Assad Terrorizes the Syrian people: Uses Soccer Stadiums as Prison (CNN)


By the CNN Wire Staff
May 9, 2011 — Updated 1555 GMT (2355 HKT)
  Syrian security forces were using soccer stadiums as makeshift prisons in at least two cities Monday after raiding homes and arresting hundreds of residents, the directors of two human rights organizations said.

In addition, security forces burst into homes and took residents into custody in the Damascus suburb of Modemiyah, where there were reports of gunfire Monday, said Rami Abdul-Rahman, director of the Syrian Observatory for Human Rights.

Meanwhile, state media reported that 10 people were killed and three were wounded Sunday when gunmen attacked a bus in Homs, a province where clashes broke out between security forces and protesters over the weekend. The state-run Syrian news agency called the attackers an “armed terrorist group.”

More than 400 people have been arrested in Banias since Saturday, Abdul-Rahman said, adding that authorities had converted the Mediterranean city’s soccer stadium into a prison to house them.

In the southern city of Daraa, the hub of Syria’s six-week uprising, another human rights organization observed a similar situation.

“In Daraa, there have been so many arbitrary arrests in recent days that the army and security forces are using schools and the city’s soccer stadium as makeshift prison facilities,” said Ammar Qurabi, chairman of the National Organization for Human Rights in Syria.

CNN could not independently confirm the reports. The heads of both organizations are not in Syria but remain in close contact with activists and protesters there.

The state-run Syrian news agency said Sunday that security forces were continuing pursuit of “members of the terrorist groups” in both cities.

”A number of wanted terrorist members were arrested and weapons and ammunition used by these groups in attacks against the army and citizens and in terrorizing people were seized,” the news agency reported.

Human rights organizations criticized the arrests and violence, calling on Syria’s government to establish an independent commission to investigate.

We condemn the continued use of the Syrian authorities of violence and excessive force against the citizens of Syria demonstrating peacefully,” a statement from six organizations posted on the National Organization for Human Rights in Syria’s website Monday.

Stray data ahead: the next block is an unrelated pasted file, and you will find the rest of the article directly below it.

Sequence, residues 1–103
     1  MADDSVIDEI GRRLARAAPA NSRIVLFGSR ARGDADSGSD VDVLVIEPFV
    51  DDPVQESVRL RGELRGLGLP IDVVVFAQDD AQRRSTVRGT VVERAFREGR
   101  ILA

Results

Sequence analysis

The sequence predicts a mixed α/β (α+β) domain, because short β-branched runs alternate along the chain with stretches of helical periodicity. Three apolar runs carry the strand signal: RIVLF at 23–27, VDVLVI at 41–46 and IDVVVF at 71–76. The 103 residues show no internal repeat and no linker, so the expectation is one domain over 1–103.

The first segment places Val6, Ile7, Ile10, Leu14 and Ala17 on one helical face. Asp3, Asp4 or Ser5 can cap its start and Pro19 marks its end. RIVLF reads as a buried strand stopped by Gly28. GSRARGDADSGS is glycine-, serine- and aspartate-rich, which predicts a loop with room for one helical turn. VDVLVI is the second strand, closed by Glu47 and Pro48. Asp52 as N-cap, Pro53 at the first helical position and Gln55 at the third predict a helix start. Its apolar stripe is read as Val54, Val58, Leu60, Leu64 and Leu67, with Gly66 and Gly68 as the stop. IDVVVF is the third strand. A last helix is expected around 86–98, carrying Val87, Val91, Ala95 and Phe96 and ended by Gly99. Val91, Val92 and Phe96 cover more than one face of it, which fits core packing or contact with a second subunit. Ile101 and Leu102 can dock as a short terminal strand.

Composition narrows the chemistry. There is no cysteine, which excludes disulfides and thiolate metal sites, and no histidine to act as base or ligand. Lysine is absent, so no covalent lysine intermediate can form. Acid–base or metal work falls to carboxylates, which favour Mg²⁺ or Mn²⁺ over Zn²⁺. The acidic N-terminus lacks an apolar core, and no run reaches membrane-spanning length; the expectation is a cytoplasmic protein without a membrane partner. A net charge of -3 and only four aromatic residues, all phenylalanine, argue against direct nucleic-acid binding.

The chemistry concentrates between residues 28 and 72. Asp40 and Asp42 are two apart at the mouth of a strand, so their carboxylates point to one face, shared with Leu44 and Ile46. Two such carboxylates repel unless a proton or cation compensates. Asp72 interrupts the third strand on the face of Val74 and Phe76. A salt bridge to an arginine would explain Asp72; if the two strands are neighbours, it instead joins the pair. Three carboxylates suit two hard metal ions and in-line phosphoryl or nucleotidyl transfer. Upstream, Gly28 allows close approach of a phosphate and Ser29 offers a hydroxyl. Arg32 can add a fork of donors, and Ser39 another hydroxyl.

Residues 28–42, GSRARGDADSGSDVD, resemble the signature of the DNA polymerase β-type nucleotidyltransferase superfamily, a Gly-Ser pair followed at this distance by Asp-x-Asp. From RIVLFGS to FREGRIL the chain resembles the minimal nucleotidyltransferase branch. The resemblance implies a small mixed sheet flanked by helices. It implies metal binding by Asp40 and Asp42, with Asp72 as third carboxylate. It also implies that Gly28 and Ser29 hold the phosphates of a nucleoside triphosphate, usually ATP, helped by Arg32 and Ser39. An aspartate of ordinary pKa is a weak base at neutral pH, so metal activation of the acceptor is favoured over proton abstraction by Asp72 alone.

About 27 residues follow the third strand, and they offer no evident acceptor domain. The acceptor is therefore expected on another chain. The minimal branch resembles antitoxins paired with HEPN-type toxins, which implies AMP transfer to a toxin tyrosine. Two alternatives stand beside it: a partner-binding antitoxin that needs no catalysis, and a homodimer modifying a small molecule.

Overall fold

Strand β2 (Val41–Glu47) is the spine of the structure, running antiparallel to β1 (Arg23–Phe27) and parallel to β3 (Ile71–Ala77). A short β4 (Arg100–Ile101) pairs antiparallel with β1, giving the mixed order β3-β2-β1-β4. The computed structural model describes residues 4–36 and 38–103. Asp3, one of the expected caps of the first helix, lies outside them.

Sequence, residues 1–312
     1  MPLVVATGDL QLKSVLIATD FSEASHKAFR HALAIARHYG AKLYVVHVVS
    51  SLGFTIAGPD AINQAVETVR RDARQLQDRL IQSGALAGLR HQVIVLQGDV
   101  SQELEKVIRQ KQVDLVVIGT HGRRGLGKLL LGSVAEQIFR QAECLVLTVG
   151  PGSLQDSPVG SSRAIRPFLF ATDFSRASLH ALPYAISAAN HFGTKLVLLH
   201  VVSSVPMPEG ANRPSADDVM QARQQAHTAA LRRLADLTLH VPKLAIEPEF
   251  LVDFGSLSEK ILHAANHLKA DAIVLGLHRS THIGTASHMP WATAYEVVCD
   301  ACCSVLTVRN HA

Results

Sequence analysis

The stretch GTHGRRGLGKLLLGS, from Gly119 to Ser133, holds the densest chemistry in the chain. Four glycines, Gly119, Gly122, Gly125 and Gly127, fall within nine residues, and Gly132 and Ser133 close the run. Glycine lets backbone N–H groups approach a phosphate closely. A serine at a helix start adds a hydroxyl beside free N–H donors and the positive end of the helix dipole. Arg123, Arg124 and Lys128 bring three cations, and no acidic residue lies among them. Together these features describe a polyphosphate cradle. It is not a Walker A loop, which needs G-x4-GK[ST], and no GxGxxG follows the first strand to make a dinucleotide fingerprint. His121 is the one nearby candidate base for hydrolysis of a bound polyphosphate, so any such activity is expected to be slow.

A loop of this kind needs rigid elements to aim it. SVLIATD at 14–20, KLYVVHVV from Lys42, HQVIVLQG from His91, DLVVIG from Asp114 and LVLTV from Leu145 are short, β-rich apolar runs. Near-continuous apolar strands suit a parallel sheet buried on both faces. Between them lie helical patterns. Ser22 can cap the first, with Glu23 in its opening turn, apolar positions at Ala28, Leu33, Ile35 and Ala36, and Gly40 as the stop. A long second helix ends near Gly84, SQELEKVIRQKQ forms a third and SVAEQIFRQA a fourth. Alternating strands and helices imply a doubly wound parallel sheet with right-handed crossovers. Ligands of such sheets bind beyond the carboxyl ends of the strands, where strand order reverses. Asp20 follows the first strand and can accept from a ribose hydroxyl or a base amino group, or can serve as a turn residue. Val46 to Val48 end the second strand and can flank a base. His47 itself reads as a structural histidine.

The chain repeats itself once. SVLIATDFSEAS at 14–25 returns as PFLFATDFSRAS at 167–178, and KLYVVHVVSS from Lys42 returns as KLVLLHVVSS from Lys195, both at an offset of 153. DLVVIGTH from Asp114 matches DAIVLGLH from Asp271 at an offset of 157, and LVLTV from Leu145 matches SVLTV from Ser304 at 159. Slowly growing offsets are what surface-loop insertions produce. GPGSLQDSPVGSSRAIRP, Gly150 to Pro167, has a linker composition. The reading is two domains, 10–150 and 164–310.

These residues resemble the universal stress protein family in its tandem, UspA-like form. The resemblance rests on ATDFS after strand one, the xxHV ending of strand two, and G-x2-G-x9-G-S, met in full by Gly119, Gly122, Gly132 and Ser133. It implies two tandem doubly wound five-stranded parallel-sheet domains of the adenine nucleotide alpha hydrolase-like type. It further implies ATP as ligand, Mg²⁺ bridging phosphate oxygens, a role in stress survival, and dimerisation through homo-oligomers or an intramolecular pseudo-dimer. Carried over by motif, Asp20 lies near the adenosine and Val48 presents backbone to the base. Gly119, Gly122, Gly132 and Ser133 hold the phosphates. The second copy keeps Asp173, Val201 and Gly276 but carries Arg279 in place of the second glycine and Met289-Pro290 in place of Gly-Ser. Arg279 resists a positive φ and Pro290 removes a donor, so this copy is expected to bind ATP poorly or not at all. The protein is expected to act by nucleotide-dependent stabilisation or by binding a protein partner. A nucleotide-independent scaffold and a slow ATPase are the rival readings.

The statement also expressed “deep concern” for those arrested.

     “We call on security forces to stop the arbitrary arrests that take place outside the law and which constitute a flagrant violation of fundamental rights and freedoms guaranteed by the Syrian Constitution of 1973,” the statement said.

The latest wave of arrests started as Syrian tanks and troops stormed a village near Banias on Saturday, killing at least four women and injuring several    others, witnesses said.

Residents of Marquab formed a human chain to thwart the military, but soldiers raided homes and opened fire, said witnesses who were not identified for    security reasons.

Witnesses said the army then rolled into Banias. They reported heavy gunfire and severe damage to the city.

CNN has not been granted access into Syria and is unable to independently verify witness accounts.

But CNN has spoken with witnesses, some of whom have posted homemade videos online and reported what they have seen via social networking sites. Human rights organizations have also compiled reports.

Demonstrations against Syrian President Bashar al-Assad‘s regime have broken out across the country over the past six weeks.

Protesters have demanded the immediate release of political prisoners, lifting of emergency and martial law, and withdrawal of intelligence forces from Syrian cities.

Last month, al-Assad lifted the country’s 48-year-old state of emergency and abolished the state security court, both of which were key demands of the demonstrators. But anti-government protests have continued, with activists alleging massive human rights abuses and calling for political and economic reforms.

Security forces have relied heavily on the army and the regime’s guard to disperse demonstrations.

Amnesty International said Friday that more than 540 people have been killed by Syrian security forces and that many activists in pro-reform protests “have been forced into hiding after receiving threats from Syrian authorities.”

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CNN’s Salma Abdelaziz contributed to this report.

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